Point of interest

Who invented the transmission of electrical power?
(by Kresimir Bakic)

It teaches us famous Professor of Physics at the Graz University of Technology in the late 19th century, dr. Simon Subic, in an article entitled “On the transfer of operating forces with electricity”, published in year 1900 in the magazine “Home and the World”, no. 12, published by the Catholic Press Association.

That’s as it says Subic, attaches Frenchman Hippolyte Fontaine (1833-1910), who was assistant engineer of the famous Belgian inventor Zenobe Gramme (note: Dynamo invented by Gramme has been improved Siemens’s dynamo from 1866 and the first in the world to provide a higher voltage and more stable direct current). At the World’s Fair of 1873 in Vienna H. Fontaine wanted to show visitors how a water pump could operate powered by an electromagnetic machine using DC electricity produced by new invented Dynamo. His intention was to trade with dynamo machines. In the beginning water pump didn’t work properly. From neighboring exhibitors than he borrowed missing copper wire (it was approx. 2 km long), connected dynamo with DC motor nearby to the water pump, and finally the pump started working properly. After this experiment, said Fontaine, he got an idea how mechanical power could be transmitted to distant places by electricity. He wrote an article about it in a French newspaper. Fontaine’s idea was first used by the French factory-owners Felix and Chretien in 1878, at its factory for sugar in Sermaizeu. Since the processing of sugar beet is seasonal work and except for one month in the rest of the year their steam machines usually stay unproductive. So, they decided to use its steam engines for useful work, for transfer of electrical power from factory halls to plowing fields. At a steam machine they installed dynamo to produce DC electricity and used flexible cable at a distance of 800 m (from the factory to the fields) to transmit power to the DC motor, which was specially developed for the plow plowing. This was actually the transmission of electrical power into the electric plowing in France, in 1878. That example found many imitators in France and elsewhere, in particular because of the economic efficiency.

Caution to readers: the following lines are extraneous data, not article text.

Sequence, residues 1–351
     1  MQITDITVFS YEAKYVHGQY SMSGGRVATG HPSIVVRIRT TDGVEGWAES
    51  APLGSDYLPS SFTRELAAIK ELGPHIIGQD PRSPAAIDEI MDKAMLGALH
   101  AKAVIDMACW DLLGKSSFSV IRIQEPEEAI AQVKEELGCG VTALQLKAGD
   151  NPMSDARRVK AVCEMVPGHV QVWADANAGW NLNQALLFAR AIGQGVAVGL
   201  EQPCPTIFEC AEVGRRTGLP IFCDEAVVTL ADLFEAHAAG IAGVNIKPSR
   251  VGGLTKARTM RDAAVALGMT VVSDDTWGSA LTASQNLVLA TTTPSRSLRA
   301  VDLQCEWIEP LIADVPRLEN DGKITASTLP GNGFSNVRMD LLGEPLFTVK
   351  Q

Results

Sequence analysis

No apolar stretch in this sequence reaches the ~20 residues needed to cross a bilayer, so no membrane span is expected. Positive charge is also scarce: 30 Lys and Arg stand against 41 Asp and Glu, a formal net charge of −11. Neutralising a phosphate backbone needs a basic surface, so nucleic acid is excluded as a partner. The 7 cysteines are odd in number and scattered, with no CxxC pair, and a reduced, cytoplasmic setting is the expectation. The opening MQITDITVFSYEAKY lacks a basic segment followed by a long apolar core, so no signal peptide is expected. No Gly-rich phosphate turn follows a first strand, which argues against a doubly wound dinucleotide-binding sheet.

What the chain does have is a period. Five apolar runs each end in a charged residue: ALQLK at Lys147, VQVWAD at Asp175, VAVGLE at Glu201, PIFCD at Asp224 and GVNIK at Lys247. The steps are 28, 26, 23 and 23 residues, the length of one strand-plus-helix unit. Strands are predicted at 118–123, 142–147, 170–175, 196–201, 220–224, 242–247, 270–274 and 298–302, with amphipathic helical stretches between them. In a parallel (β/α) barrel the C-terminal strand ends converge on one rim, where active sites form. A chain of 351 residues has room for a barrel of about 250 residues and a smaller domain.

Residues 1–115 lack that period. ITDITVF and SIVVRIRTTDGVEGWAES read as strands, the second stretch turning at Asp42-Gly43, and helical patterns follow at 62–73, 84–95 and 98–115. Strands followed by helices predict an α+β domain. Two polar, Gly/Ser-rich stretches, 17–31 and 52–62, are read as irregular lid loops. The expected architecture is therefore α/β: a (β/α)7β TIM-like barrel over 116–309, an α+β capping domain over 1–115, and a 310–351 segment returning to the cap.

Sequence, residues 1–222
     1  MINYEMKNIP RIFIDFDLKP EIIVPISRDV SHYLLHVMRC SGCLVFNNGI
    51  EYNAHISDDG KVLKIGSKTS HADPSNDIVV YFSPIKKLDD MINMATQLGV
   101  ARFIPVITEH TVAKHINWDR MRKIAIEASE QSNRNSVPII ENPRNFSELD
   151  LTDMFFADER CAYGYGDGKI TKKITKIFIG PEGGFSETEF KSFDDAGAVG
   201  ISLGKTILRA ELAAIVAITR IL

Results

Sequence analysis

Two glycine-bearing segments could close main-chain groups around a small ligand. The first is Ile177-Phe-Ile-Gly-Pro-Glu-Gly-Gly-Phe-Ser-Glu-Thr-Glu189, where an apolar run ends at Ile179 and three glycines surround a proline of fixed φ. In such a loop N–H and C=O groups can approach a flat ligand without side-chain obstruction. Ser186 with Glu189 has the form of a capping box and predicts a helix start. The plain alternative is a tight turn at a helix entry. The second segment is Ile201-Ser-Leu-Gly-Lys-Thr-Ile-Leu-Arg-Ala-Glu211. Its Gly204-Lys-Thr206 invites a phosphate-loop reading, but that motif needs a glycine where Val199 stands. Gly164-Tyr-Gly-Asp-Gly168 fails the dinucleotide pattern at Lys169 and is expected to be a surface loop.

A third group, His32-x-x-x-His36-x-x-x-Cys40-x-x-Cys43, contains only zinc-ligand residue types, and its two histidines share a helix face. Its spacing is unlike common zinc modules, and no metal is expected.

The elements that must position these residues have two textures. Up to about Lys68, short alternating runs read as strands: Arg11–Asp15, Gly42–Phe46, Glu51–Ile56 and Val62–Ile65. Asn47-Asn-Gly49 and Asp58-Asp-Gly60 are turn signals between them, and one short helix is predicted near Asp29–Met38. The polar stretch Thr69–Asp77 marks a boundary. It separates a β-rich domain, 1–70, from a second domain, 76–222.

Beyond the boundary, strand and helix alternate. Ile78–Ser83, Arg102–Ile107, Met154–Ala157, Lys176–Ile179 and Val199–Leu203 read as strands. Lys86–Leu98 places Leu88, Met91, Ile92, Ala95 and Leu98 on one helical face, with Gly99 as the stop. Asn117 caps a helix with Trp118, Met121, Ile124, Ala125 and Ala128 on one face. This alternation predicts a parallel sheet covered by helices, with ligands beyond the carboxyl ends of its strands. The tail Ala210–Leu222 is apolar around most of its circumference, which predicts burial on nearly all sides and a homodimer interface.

Fontaine was also the organizer of the First World Electrotechnical Exhibition in Paris in 1881. As a pioneer of electrical science, France awarded him the Legion of Honour, a high recognition.

Papers on national conferences CIGRÉ and CIRED

Slovenian National Committees CIGRÉ and CIRED organize biennial conferences from 1993 on, dealing with electric power System issues. Between 1993 and 1999 all activities were covered inside CIGRÉ. In 1999 during CIRED conference in Nice (France), Slovenia associated this international organization too. From the year 2001, national conferences are separated in CIGRÉ and CIRED groups. Each group prepares its own preferential subjects, papers and discussions. Interest for CIGRÉ and CIRED sessions is always huge. Every two years in May more than 500 engineers and experts in power engineering meet each other and exchange information and knowledge. During every conference a respectable exhibition takes place with more than 40 exhibitors. For national committee members more than 1700 papers, books and documents from conferences are available online free of charge.

Table with statistical overview of presented papers:

Conference Year CIGRE papers CIRED papers Total papers
1. Ljubljana 1993 83 83
2. Maribor 1995 90 90
3. N. Gorica 1997 122 122
4. Rogaška 1999 118 118
5. Bled 2001 108 25 133
6. Portorož 2003 121 64 185
7. Velenje 2005 136 58 194
8. Čatež 2007 122 63 185
9. Kr. Gora 2009 108 62 170
10. Ljubljana 2011 141 54 195
11. Laško 2013 184 65 248
12. Portorož 2015
13. Maribor
 149  59  208
14. Laško 2019 131 53 184

prof. dr. Simon Šubic (1830-1903)

Francois-Hippolyte Fontaine